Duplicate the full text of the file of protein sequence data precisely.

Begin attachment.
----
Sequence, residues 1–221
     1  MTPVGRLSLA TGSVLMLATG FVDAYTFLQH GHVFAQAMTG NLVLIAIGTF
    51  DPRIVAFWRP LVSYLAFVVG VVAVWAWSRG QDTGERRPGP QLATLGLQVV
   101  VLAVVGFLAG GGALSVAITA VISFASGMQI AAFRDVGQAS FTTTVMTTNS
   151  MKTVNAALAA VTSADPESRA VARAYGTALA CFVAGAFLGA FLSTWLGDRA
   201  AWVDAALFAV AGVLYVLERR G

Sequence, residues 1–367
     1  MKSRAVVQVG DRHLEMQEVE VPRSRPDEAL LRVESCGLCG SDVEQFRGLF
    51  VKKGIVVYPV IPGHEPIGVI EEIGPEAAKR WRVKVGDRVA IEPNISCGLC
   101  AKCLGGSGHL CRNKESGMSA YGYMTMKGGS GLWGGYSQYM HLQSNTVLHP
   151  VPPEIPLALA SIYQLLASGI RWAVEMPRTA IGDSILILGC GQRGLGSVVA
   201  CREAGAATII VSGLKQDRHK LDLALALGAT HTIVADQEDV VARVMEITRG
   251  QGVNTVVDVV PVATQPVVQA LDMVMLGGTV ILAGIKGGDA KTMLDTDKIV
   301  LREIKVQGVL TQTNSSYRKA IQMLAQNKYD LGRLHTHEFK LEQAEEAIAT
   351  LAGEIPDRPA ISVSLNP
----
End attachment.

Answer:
Sequence, residues 1–221
     1  MTPVGRLSLA TGSVLMLATG FVDAYTFLQH GHVFAQAMTG NLVLIAIGTF
    51  DPRIVAFWRP LVSYLAFVVG VVAVWAWSRG QDTGERRPGP QLATLGLQVV
   101  VLAVVGFLAG GGALSVAITA VISFASGMQI AAFRDVGQAS FTTTVMTTNS
   151  MKTVNAALAA VTSADPESRA VARAYGTALA CFVAGAFLGA FLSTWLGDRA
   201  AWVDAALFAV AGVLYVLERR G

Sequence, residues 1–367
     1  MKSRAVVQVG DRHLEMQEVE VPRSRPDEAL LRVESCGLCG SDVEQFRGLF
    51  VKKGIVVYPV IPGHEPIGVI EEIGPEAAKR WRVKVGDRVA IEPNISCGLC
   101  AKCLGGSGHL CRNKESGMSA YGYMTMKGGS GLWGGYSQYM HLQSNTVLHP
   151  VPPEIPLALA SIYQLLASGI RWAVEMPRTA IGDSILILGC GQRGLGSVVA
   201  CREAGAATII VSGLKQDRHK LDLALALGAT HTIVADQEDV VARVMEITRG
   251  QGVNTVVDVV PVATQPVVQA LDMVMLGGTV ILAGIKGGDA KTMLDTDKIV
   301  LREIKVQGVL TQTNSSYRKA IQMLAQNKYD LGRLHTHEFK LEQAEEAIAT
   351  LAGEIPDRPA ISVSLNP